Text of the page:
Gardens of Eden
By Jay Dee
"Tell me that is not a hand," Grigsby said. "I grant you, the squash is growing around it, but see for yourself," he pointed. "Unless connected by the roots underground, those digits are a growing singularity."
A pestered look flashed over Mica Jackson's face. "A growing singularity?" she echoed his words in question.
Grigsby blushed, "Well, you know. Yeah."
Mica knelt down in the corner of the garden for a closer look. Sure enough out of the blackened topsoil sprouted four, stems, she thought, close-set, which indeed looked remarkably alike to a set of sunward extending fingers. The stems even had knuckles and fingernails. Each was grouped or connected at the base to what looked very much like the beginning crenels of the palm of a hand breaking through the soil line.
"And right there," Grigsby noted further, "is the thumb."
She did notice this, the tip only, but damn if that didn't look like a thumbnail. Standing erect, she glanced out at the rest of the garden. Rows of waist-high corn at their summertime best near the far fence, and closer the cabbage, kale, cauliflower, and here at the garden gate, the summer squash. She gave Grigsby a smirk. "Alert the news; we have a squash that looks like a hand. Maybe we got the Virgin Mary popping up out of our community garden."
"Mica," Grigsby said. He looked annoyed. "That ain't no squash." Looking away, he took a step out of the garden to the side path. "I told you as a courtesy. But, you being the naysayer you are, I'm reluctant to continue this further."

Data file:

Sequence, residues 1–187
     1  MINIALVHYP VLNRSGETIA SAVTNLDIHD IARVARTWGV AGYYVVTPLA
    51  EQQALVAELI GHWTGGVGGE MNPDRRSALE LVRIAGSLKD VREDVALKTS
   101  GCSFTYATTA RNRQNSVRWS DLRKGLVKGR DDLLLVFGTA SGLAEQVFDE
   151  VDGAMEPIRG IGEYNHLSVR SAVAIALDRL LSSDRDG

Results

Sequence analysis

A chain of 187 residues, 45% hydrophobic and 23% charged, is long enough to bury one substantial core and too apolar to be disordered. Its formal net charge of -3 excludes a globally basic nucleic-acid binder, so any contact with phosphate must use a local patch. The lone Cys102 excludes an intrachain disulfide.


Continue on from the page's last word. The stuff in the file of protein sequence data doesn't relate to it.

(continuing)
"Where are you going?" she asked.
He pivoted toward the gate without response.
Mica hop-stepped over the squash after him. "Where are you going?" she repeated.
"Explain that to me Mica," he demanded without turning.
She reached out grabbing his shoulder from behind and spun him back violently, "You cannot tell anyone."
Losing his balance momentarily, then righting himself, he faced her advance, his anger mounting, "You never did want to believe. Now here it is staring you in the face and still you are ignoring the fact that this life, our life, is now up for grabs."
Grigsby shoved her hand from his shoulder. She glared back at him, searching for words to respond, but finding none. He brushed a lock of hair out of his eyes. "This is only one of the thousands and thousands of gardens."
Her expression calmed, she let her eyes drain of the deluge of indignation that had engulfed them. She stood serene, collected, contemplative, almost circumspect.
Her eyes studied his.
Wait, his expression said to her. You seem suddenly too at ease, his eyes told her. Too late though; for she completed his realization as she slipped the blade of the garden trowel back out of his chest.
Grigsby slipped to his knees. He looked up at her muttering; his voice abandoning him.
"Because," she answered his unasked question, "I'm in charge and I'm not sharing. Thousands you say? No gain can come of them here. But, once we reach earth, imagine the market." She turned. The fingers had risen higher, now evident indeed attached to a palm positioned high over a sprouting wrist, and under the cluster of pale green leaves, appeared the crown of a head covered with a black carpet of hair.
"I will be…very…wealthy," she shrugged. Grigsby fell face forward with a thud. "Famous," she shrugged again." She scanned the garden, "And…" she added, "immortal."
She finished with a smirk that Grigsby did not see.
"Experiment my ass," she said.